Wilco’s third album is Jeff Tweedy’s attempt to “go pop.” It’s a noble try, but it don’t work. On their debut, A.M. , and the massive follow-up, Being There , Tweedy and crew wrote some well-thought-out and executed songs. He forgot to do that this time. In a year that had the former Uncle Tupelo founder performing in the alternative super-group Golden Smog and co-writing Mermaid Avenue with Billy Bragg, the end of the year offering by Wilco seems to have gotten the short end of the musical stick. By totally abandoning the principles that got him this far (intelligent rock and roll with a country touch), he gives the listener no familiar ground on which to stand when confronted with this record. His overloading each song with cute little pop tricks like bells and backwards vocals hides any good songs that might be lurking in this soup. It’s not that trying something new is wrong — Joe Prentice of the Scud Mountain Boys abandoned the roots movement entirely with Overcome by Happiness and made a brilliant, disturbing record, one of the best of last year. So it can be done, if you are willing to put the work into it.
Tweedy instead goes for the long bomb, with nifty production and nonsensical lyrics that seem to be from an alienated, resigned perspective. In fact, several of the songs here are downright violent in nature — “She begs me not to hit her” from “She’s a Jar” or “Via Chicago” and “I dreamed about killing you again last night/ And it felt alright to me.” If Jeff is going American Psycho on us, then explore it, don’t use it for cheap effect to sell records and generate Internet traffic.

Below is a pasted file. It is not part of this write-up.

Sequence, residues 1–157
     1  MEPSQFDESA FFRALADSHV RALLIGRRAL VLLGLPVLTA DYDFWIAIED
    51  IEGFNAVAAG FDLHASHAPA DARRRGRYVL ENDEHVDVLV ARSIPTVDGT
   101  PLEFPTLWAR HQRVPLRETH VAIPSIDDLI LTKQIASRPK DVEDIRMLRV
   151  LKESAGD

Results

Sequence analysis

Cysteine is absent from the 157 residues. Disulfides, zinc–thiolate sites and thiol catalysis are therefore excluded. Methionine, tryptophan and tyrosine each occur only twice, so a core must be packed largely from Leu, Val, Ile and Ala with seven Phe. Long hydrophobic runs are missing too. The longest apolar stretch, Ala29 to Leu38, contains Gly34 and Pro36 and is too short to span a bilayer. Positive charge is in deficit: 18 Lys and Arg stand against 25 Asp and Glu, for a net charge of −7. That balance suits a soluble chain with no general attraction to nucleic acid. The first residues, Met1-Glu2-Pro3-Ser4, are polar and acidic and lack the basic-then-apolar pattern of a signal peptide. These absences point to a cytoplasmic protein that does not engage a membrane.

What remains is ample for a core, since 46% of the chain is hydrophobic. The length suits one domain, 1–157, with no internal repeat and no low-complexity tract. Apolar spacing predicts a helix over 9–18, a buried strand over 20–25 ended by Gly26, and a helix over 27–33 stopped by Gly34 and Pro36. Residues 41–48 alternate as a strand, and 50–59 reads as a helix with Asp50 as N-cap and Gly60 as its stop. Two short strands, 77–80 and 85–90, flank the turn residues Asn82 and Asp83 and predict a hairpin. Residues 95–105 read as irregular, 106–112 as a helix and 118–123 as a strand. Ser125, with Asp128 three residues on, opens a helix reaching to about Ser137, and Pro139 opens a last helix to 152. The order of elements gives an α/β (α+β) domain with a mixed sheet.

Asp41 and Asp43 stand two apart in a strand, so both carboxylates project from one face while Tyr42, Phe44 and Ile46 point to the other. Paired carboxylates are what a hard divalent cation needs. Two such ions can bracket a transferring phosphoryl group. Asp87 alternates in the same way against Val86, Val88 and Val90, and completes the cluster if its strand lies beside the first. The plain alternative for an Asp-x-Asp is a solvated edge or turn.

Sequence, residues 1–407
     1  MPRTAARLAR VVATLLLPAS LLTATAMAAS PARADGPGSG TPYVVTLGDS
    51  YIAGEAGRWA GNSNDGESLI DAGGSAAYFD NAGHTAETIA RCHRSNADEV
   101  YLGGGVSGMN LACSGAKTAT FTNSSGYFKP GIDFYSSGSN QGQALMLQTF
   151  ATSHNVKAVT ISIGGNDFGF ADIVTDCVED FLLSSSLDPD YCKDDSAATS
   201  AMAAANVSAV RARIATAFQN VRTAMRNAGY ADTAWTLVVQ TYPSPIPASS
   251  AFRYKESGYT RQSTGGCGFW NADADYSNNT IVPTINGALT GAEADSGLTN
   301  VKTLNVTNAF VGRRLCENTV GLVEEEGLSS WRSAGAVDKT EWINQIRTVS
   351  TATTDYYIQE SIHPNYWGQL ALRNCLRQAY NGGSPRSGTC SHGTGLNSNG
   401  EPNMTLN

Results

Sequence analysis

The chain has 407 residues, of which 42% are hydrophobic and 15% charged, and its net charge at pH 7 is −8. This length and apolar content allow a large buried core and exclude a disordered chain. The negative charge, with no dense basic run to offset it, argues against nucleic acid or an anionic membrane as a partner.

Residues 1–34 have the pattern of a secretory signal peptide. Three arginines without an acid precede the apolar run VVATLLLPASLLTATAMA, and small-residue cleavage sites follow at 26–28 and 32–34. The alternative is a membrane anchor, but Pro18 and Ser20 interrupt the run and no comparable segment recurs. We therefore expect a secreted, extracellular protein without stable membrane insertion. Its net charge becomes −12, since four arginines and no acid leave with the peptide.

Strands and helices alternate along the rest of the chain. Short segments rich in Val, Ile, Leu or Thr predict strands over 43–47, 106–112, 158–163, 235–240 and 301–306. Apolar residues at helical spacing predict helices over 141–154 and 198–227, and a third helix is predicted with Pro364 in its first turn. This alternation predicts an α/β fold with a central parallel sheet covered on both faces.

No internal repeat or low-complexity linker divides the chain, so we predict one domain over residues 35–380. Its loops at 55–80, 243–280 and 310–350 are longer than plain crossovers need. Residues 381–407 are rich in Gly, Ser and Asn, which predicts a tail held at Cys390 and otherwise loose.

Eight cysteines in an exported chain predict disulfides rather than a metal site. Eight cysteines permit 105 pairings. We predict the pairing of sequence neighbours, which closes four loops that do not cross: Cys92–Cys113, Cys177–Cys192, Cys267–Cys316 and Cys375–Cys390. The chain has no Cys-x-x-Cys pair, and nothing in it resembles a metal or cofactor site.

This is not to say the record doesn’t have it’s moments — “A Shot in the Arm” is catchy, with a nifty refrain of “The ashtray says/You were up all night,” and “Can’t Stand It” opens the record with a great summer radio song. But the records best moments are obscured by a bad case of “Brian Wilson” or “Paul Westerberg” wannabie-itis (“She’s A Jar” sounds like a Westerberg out-take, which, considering his dismal solo output, isn’t a welcome thing). This record can’t stand on its own feet — it’s a musical leech, taking the best ideas of others and offering none of its own.
Reprise Records, 75 Rockefeller Plaza, 21th Floor, New York, NY 10019